UMA believes so fully in the power of therapy that we're going to cover the cost of your first appointment, up to $300! Sign up for free, in minutes.
By Dave Kerpen
Dave pictured with his current therapist he found on UMA, Kelly Flynn.
Can You Benefit from Talk Therapy?
Spoiler alert: Yes.
My mother tells an amazing story about a call she got from my guidance counselor when I was in the 6th grade. My aunt Judy had just passed away, my dad was suffering from depression, and I was getting anxious:
“The guidance counselor called and said, “In my 20 years of work as a guidance counselor, I’ve never had this happen. Your 11-year-old son just walked into my office and asked if he could see a therapist.”
I saw that first therapist, Mary Tirolo, for 2 years, and she was very helpful. I was generally a happy, well-adjusted kid, but my aunt had died and my father had bipolar disorder, and I knew I could benefit from talking about my feelings with someone.
And I’ve been fortunate to see several terrific therapists throughout my life so far who have helped me work on myself. My therapist Dr. Bonnie Weil helped me to build more positive relationships. My therapist Jack helped my wife and me work together as business partners.
My long-term therapist Judy was so valuable in helping me understand the difference between what I could and couldn’t control, she ended up at my wedding. I’ll never forget the lifelong lessons Judy helped me to understand about letting go.
I’ve been able to be “mental health positive” for all of my life – but for many people, it’s not so easy. For some reason, when we want to work on our bodies, and improve our physical fitness, it’s a point of pride and excitement. People even share gym selfies. Yet people wanting to see a therapist to improve their mental health often feel shame and embarrassment. Tell someone you’re going to see a trainer to work out, and they’ll say, “Way to go!” Tell them you’re going to see a therapist, and they’ll say, “What’s wrong?”
In just about every one of my cases of seeing a therapist, if you asked me what’s wrong, I could honestly say, “It’s no big deal. I’m just working on better understanding myself and my emotions.” I’ve never been medicated for depression or anxiety. I’ve never been hospitalized. I’ve never been mentally ill. I just love therapy, personal growth and learning more about myself!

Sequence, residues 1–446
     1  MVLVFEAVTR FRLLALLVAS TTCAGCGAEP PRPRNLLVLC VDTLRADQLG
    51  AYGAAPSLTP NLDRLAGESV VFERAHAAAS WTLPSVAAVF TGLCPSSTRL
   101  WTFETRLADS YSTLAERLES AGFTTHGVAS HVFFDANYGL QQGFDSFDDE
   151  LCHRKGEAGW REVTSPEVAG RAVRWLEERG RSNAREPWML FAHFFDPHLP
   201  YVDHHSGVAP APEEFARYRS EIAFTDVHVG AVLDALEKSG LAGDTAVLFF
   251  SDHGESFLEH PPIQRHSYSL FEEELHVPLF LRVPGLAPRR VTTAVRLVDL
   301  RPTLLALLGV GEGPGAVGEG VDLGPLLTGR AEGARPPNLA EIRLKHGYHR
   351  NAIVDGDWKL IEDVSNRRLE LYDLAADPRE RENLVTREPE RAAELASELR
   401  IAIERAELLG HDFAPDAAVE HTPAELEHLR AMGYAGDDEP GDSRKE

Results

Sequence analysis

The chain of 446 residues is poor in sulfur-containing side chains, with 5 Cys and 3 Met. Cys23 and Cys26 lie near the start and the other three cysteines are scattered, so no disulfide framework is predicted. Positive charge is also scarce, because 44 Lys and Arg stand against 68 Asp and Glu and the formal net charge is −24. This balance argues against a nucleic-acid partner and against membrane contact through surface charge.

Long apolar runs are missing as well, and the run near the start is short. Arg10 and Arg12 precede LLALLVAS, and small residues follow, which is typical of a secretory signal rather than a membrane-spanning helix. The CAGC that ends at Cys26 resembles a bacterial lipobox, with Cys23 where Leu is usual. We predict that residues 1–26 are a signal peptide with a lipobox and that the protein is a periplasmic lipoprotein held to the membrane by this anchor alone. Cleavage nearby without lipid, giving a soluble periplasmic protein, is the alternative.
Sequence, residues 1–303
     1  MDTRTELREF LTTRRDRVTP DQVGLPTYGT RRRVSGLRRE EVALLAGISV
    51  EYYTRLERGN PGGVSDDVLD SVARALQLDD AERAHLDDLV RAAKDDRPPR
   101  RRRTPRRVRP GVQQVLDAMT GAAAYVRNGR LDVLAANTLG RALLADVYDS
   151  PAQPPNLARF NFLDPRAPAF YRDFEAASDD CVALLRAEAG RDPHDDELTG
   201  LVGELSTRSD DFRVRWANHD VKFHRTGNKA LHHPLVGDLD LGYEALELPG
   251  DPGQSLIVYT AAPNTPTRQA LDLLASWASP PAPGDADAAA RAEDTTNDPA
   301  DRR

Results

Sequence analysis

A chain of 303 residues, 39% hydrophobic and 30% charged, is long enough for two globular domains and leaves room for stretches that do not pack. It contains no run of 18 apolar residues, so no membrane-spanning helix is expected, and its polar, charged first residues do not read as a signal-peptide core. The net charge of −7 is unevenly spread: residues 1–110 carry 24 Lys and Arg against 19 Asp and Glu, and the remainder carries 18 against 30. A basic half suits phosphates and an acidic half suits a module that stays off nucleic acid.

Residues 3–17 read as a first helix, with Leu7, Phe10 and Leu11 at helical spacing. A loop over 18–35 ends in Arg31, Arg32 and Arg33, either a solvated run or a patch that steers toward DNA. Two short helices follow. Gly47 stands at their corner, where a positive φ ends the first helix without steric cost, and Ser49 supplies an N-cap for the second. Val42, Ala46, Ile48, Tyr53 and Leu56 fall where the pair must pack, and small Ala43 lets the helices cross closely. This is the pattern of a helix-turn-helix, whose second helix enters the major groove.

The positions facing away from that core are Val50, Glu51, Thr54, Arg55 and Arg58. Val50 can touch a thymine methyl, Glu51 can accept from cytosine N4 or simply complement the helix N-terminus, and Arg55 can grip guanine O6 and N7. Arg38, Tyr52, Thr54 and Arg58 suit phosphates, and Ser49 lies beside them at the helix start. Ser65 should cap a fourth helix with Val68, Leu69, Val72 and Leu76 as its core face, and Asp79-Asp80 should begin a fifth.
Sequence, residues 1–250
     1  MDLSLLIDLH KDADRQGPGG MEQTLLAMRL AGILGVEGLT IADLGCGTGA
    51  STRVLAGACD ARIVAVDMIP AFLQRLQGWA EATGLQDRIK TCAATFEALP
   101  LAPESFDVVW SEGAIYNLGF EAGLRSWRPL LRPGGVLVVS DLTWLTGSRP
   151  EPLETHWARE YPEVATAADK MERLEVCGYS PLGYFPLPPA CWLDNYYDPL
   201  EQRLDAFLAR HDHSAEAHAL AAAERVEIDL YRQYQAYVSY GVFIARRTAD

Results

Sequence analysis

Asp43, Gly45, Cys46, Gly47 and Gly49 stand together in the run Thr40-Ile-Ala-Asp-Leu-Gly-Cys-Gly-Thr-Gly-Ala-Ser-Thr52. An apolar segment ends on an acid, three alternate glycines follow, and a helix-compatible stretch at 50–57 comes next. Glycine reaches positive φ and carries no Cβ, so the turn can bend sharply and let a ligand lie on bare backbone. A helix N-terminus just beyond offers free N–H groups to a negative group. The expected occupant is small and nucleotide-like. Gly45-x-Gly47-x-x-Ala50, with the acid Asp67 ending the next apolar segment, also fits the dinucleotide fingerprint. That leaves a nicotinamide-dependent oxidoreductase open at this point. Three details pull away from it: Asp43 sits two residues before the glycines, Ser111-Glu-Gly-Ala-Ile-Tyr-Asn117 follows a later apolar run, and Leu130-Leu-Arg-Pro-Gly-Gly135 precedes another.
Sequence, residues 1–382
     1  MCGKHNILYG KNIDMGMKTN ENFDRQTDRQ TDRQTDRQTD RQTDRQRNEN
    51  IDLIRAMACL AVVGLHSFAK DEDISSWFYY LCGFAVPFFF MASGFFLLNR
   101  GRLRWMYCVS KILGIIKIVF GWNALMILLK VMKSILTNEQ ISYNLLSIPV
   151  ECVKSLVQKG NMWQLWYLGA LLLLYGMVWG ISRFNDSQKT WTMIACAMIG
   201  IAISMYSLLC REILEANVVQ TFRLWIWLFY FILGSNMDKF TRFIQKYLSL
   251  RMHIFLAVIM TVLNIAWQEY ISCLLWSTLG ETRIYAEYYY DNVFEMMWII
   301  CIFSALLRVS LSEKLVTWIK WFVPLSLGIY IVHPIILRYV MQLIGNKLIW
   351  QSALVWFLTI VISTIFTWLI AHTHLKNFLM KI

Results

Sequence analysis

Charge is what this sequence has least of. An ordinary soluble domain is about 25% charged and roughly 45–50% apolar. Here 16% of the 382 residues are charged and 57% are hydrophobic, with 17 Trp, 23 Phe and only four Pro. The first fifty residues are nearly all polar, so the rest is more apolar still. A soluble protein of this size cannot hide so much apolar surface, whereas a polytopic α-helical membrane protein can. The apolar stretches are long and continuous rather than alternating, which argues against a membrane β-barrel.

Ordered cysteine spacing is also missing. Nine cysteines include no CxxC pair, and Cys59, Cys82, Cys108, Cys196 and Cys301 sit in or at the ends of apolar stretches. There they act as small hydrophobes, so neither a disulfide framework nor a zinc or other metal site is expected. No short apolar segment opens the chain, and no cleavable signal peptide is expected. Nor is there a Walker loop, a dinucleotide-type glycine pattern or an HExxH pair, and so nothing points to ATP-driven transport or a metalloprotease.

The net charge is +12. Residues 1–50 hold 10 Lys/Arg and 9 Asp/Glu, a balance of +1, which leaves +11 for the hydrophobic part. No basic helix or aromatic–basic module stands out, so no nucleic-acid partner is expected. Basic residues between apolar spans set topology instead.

1 in 5 people suffer from serious mental health conditions, but I truly believe that 5 in 5 people can benefit from therapy.
The challenge is, our society has this stigma associated with putting your hand up and seeing a therapist, so people are often afraid to give it a try.
At UMA, we’re trying to change that.
I asked members of our team yesterday to share their own answers to the following fill-in-the-blank statement, and here are some of the answers we shared:
We believe that everyone can benefit from therapy or coaching that/who:____
– have an open-mindedness about improving their own mental stage and personal growth
– doesn’t make enough time for themselves.
– understands and believes in self-awareness.
– is willing to commit to personal growth and show up for at-least six to eight weeks.
– has a pulse.
– is breathing, especially if they aren’t aware of the benefits of therapy and coaching.
– is going through a challenging time, change in relationship or careers, or a life event that may be causing stress, mood changes or any change in emotional state.
In other words, you don’t have to be mentally ill to benefit from therapy. Everyone can benefit from therapy.
In order to help destigmatize therapy, and give you no excuse to give it a try, for a limited time we are covering the cost of your first appointment on UMA, up to $300 in value. That’s right, your first appointment’s on us, with any of our hundreds of providers listed on our site. All you have to do is book it and show up.
Your personal growth is a few seconds away.
Here’s to your journey of self-discovery and growth, whether you’re 11 years old, 111 years old, or anywhere in between.